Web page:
That day in late spring, the Arizona sun was a searing cauldron. Lush, prickly teddy-bear cactus lined the winding, rising mountain trail as our shoes slipped and gripped in the gravel. Although the desert is my home and the trail familiar to me, guests Rick and Becky DuFour took the lead charging up the steep pathway. That day, years before, and years after, I took pleasure in learning from and following Richard DuFour. In following him, I learned a lot. Given his recent passing, I’d like to celebrate him and share just a few things I learned on the trail. Read more
Casey Reason, PhD, is an expert in collaboration, innovation, overcoming resistance to change, and next-level leadership. He has worked with a variety of clients, including some of the top Fortune 100 companies in the world.
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Note: Casey Reason co-authored this post with guest-blogger Dr. Todd Nichols, Ed.D.
Ralph Waldo Emerson said “life is a succession of lessons, which must be lived to be understood.” The implication is that the life lessons we are meant to embrace cannot be learned unless there is a commitment to get in there and live those life lessons with a deep sense of awareness. While Emerson didn’t elaborate, it’s clear that one of the best tools we have in making the most of our lived experiences is having the discipline to consistently reflect on those experiences in a deep and thoughtful way. While this is a great personal discipline, through PLCs we’ve come to understand that one of the best ways to improve that strategic reflection process is to use the power of a valued team or group. In your own professional life experiences, think about how many times you have had a series of experiences occur wherein those experiences were made much more valuable to you after you had the opportunity to reflect with colleagues on the meaning of those experiences and the takeaways that were most valuable.
This post is part of a series on In Praise of American Educators (And How They Can Become Even Better).
Why 3 takeaways? Because they wouldn’t let me post 33. Several weeks ago I saw the weblink to Rick’s new book. The ad said “A Must-Read Masterpiece.” The word masterpiece certainly evokes a majestic image. In this case, it is certainly warranted. In this book Rick thoughtfully and directly speaks to some of the most challenging issues of the day in American education. He brings clarity, perspective, and the commanding inspiration to take immediate and decisive action. Gertrude Stein said “a masterpiece may be unwelcome, but it is never dull. “ Indeed, In Praise of American Educators will stir your imagination, force each of us to take a look at ourselves, and ultimately shine a light on steps towards a brighter future. Now, my three takeaways and reflections:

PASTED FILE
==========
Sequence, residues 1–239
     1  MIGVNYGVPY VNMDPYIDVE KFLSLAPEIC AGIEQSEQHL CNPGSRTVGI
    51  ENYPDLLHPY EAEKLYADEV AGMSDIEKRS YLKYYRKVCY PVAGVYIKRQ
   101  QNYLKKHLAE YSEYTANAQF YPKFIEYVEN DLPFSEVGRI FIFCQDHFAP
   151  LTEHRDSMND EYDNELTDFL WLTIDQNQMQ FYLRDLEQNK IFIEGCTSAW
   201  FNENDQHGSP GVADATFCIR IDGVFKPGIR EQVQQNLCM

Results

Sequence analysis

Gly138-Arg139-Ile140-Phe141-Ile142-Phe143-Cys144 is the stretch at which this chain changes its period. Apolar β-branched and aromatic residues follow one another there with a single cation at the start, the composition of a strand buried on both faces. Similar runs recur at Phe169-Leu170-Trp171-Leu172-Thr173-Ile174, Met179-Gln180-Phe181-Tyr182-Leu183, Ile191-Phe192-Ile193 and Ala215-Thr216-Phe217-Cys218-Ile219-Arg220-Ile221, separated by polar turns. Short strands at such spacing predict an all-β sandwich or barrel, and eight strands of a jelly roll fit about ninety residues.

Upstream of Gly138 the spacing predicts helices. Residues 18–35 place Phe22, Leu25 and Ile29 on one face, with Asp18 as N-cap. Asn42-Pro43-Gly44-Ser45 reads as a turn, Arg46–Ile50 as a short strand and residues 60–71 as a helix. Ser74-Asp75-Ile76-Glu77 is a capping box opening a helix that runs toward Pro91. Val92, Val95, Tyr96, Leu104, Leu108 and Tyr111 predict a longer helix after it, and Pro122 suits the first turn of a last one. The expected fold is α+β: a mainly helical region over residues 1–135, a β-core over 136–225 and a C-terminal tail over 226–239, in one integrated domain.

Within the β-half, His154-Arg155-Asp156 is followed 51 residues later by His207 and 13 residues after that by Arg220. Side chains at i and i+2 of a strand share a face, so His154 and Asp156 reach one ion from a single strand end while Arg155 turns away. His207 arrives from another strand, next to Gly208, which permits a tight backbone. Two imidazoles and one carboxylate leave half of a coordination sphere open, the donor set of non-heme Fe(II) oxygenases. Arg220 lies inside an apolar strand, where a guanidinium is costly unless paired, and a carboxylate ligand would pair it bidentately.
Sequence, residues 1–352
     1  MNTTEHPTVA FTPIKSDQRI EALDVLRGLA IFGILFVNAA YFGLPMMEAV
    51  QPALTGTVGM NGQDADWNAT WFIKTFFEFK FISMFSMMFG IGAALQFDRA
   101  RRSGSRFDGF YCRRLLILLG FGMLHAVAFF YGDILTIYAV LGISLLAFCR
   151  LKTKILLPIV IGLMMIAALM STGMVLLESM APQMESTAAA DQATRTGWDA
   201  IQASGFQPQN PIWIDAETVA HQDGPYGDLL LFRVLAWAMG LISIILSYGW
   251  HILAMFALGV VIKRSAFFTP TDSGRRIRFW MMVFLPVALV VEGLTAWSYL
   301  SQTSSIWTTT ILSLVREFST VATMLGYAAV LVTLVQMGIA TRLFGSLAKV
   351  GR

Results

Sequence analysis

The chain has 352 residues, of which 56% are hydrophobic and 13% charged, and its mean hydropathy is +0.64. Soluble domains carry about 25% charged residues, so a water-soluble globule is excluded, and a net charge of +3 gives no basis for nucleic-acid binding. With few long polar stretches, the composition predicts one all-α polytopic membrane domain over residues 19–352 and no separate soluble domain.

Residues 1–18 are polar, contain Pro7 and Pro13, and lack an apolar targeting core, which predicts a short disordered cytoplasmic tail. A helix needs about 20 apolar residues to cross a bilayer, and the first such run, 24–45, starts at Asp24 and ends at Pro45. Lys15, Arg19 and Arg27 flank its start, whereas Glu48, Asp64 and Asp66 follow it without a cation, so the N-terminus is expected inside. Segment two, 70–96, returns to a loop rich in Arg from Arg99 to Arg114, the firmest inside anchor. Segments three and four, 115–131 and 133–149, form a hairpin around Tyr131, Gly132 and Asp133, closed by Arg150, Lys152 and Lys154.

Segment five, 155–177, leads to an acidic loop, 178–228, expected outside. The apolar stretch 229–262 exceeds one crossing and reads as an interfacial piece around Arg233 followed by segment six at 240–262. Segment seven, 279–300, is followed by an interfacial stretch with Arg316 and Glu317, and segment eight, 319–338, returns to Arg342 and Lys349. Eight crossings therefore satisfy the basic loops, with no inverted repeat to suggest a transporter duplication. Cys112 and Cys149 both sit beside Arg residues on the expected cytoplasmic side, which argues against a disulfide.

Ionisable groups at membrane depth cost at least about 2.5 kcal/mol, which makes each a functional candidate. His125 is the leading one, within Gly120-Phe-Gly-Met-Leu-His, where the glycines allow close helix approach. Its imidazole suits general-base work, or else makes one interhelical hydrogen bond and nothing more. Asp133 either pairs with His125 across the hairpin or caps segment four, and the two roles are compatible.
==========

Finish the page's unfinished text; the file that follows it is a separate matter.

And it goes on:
This post is part of an ongoing series on the topic of Eliminating the Achievement Gap for Latino Students.
“Leadership and learning are indispensable to each other.” – John F. Kennedy
Like so many of Kennedy’s quotes, there is a beautiful poignancy in these words. What makes them altogether even more powerful is the fact that he never had the chance to deliver this speech. This was the speech he was scheduled to deliver on November 22, 1963, the day he was assassinated. Another important theme threaded throughout these thoughtful last words revolved around the term community. Used multiple times, Kennedy emphasized the importance of connecting leading and learning in the creation of more evolved communities in the name of progress and innovation.
Do you remember that moment when you realized you couldn’t go anywhere without your Smartphone? There was a tipping point when the technology in your hand became an inseparable accessory to both your personal and professional life. Malcolm Gladwell describes tipping points as those magic moments when ideas, trends, or social behaviors cross the threshold and become fully saturated in the culture (Gladwell, 2000). Everywhere we look, the change is there.